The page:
Wednesday, February 18, 2015

Nude Nite had a stellar opening night.

Nude Nite is a dazzling art and entertainment event celebrating the beauty of the nude. It brings together hundreds of artists for three evenings of visual art, performance and a cast of characters both in costume and out. Open to the public, tickets can be purchased at the door. This year the event took over an empty warehouse at 5051 LB McLeod Rd. Orlando FL. Tree trunks outside the venue gave a visual clue that you had arrived along with the line of cars waiting to park. Valet parking is $10 so I drove down the road a distance to find self parking.

Once inside, I quickly walked around searching for a subject to sketch. Since most performers were nude or partly nude, the choices were overwhelming. On a stage with butterfly wings as a backdrop, a figure squirmed inside a dark fabric cocoon. Later in the evening she was free of the cocoon and gracefully flapping her wings. There was a staging area for Marla E. Artist who began a life sized nude painting of a nude female model on one of her thick impasto canvases.

In the furthest reaches of the warehouse, I found these two men hard at work. A large ball of electric wiring sat between them. They were pealing away the plastic casings from wires to expose the inner copper wire. The copper wire was then cut into one foot lengths and stacked in a neat pile. A video camera taped the whole process and a black and white projection filled the back wall. As I sketched, I realized that the projection showed a different time. It didn't sync with the live action performance. What does it all mean? Who knows. Art I guess. The crowds weren't too dense on opening night, but I'm always amazed at how many people are shooting photos. You can tell the amateurs with their red laser beams and flashes. They should learn to sketch, it is far less disruptive.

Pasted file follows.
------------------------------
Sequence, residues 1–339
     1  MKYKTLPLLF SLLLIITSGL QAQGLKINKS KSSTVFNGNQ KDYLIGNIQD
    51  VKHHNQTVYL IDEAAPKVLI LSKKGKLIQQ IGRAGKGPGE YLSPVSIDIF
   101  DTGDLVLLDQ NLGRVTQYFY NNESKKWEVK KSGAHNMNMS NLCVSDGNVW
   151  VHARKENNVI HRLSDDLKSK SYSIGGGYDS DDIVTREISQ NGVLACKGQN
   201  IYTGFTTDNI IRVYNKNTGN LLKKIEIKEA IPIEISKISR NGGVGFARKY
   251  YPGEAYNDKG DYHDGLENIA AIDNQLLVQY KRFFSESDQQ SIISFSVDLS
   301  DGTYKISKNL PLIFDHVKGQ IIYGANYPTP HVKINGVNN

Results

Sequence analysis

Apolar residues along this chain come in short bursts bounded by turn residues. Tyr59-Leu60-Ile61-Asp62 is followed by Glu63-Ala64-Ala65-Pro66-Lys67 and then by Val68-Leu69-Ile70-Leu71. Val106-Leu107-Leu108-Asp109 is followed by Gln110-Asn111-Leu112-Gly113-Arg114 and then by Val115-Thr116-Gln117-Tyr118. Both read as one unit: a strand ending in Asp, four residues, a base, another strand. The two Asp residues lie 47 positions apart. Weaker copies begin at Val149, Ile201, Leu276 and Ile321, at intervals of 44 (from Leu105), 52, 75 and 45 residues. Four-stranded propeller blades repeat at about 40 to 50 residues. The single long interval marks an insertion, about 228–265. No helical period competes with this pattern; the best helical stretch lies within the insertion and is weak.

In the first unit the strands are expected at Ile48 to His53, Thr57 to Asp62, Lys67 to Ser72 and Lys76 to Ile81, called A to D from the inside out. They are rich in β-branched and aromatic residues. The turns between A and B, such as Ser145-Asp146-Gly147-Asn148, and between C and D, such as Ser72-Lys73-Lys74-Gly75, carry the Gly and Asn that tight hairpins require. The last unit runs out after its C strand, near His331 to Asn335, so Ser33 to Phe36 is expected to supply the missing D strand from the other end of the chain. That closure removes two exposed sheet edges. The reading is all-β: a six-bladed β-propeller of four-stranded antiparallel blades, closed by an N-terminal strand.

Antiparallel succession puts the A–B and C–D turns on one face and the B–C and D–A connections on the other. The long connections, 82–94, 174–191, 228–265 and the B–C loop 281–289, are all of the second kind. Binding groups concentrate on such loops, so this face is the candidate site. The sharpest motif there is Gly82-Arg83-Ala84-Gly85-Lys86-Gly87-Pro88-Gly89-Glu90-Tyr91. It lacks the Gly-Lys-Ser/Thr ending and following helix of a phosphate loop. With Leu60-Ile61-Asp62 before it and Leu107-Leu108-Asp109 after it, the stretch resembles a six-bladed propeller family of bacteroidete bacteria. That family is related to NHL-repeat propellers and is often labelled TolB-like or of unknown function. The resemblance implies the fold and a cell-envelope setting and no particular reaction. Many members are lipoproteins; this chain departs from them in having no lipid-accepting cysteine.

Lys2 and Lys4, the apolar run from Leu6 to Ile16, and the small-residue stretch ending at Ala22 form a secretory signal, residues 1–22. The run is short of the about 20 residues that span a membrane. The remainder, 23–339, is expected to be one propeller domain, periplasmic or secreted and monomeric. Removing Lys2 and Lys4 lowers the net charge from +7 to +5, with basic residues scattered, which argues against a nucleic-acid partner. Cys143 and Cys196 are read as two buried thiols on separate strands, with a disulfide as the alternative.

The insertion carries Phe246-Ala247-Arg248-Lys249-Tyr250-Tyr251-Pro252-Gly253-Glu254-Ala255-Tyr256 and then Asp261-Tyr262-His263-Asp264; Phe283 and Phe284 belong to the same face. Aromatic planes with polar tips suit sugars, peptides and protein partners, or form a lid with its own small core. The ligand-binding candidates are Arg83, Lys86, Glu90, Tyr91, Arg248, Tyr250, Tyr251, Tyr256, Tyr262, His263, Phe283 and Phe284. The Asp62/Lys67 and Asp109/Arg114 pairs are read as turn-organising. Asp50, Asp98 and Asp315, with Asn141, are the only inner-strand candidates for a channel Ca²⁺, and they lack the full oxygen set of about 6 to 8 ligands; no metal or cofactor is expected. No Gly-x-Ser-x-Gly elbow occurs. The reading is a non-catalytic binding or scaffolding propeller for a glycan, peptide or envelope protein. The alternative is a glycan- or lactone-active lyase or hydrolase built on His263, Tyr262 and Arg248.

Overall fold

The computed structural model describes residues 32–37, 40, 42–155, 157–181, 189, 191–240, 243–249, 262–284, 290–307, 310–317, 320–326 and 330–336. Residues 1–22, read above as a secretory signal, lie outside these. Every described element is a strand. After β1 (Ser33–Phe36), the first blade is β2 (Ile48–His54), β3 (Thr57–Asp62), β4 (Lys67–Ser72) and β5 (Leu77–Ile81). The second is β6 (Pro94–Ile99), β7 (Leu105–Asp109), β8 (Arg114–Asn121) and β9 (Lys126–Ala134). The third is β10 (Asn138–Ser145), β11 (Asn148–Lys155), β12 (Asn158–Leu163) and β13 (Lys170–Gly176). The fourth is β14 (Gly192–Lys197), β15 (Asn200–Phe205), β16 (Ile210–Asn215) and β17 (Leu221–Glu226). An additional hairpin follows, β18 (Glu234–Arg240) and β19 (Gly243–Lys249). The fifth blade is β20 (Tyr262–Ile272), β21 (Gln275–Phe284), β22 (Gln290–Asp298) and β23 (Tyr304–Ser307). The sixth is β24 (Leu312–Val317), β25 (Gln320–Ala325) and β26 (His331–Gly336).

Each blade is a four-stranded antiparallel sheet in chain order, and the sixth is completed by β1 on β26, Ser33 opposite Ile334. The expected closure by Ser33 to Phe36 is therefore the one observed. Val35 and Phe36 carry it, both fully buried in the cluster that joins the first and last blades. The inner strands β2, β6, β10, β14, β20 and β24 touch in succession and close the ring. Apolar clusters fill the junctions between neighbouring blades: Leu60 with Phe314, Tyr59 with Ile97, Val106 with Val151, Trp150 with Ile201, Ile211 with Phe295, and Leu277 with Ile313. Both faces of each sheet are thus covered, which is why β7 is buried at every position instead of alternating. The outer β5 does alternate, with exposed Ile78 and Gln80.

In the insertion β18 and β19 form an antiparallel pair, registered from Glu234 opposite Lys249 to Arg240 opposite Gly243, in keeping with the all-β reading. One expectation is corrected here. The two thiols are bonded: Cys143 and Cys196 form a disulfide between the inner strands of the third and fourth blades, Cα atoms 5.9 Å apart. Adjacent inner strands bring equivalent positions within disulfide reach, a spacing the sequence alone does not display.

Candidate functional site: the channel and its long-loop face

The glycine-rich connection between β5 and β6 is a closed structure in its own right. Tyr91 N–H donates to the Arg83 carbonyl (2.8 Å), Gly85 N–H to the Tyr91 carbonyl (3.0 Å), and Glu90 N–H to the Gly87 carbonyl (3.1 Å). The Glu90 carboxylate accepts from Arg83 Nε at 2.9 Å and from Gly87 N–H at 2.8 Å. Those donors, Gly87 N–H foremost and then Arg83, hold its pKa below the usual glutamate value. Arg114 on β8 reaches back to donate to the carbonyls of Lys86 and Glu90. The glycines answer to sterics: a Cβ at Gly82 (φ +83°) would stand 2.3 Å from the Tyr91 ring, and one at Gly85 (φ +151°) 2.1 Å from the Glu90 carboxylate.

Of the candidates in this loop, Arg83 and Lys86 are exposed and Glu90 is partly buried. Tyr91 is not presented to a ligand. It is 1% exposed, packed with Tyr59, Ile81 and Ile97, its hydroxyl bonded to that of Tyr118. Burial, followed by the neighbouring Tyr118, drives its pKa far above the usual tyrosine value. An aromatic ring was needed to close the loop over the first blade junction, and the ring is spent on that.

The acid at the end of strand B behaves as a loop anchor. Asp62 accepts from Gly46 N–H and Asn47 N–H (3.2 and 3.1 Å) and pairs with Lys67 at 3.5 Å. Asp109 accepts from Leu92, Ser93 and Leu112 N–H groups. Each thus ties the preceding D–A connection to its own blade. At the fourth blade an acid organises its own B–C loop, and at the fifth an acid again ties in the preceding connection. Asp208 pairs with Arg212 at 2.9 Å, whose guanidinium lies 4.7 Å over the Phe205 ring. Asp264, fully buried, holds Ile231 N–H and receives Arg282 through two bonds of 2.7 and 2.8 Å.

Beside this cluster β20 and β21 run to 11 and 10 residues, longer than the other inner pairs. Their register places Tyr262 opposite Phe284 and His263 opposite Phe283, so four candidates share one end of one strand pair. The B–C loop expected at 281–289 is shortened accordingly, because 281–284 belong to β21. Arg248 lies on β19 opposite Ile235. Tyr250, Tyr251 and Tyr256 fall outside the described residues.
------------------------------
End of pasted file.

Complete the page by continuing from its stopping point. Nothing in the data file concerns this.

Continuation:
After my sketch was done, I packed up to get right back home. As I left, there was a huge crowd with their cell phones raised to take photos of some unfolding action. Linda Saracino who was with her friend Lillian Verkins explained that there was a clothed couple standing on display in front of the mob. People standing in line were given a chance to take a pair of scissors and cut away a one inch square of fabric. As each square was removed, the couple was slowly unclothed. I would think two strategic snips could make the outfits quickly fall to the floor, but I suppose the cuts were supervised in a grid pattern. I never did see over the crowd to find out. Before I left, I was once again tempted by a sketch opportunity when I saw a nude woman painted silver and elevated on stilts which were hidden under a graceful silver skirt. She was Voguing for photographers however which made her an unpredictable twisting turning subject to sketch. Oh well perhaps I'll catch her tomorrow night. Parking near a large event like this I always fear that my car might get towed for profit. Thankfully it was where I left it.

Prints are available for each sketch for $250 and many originals can be purchased for $400. White museum grade shadow box frames are $100 more. You can e-mail Thor at

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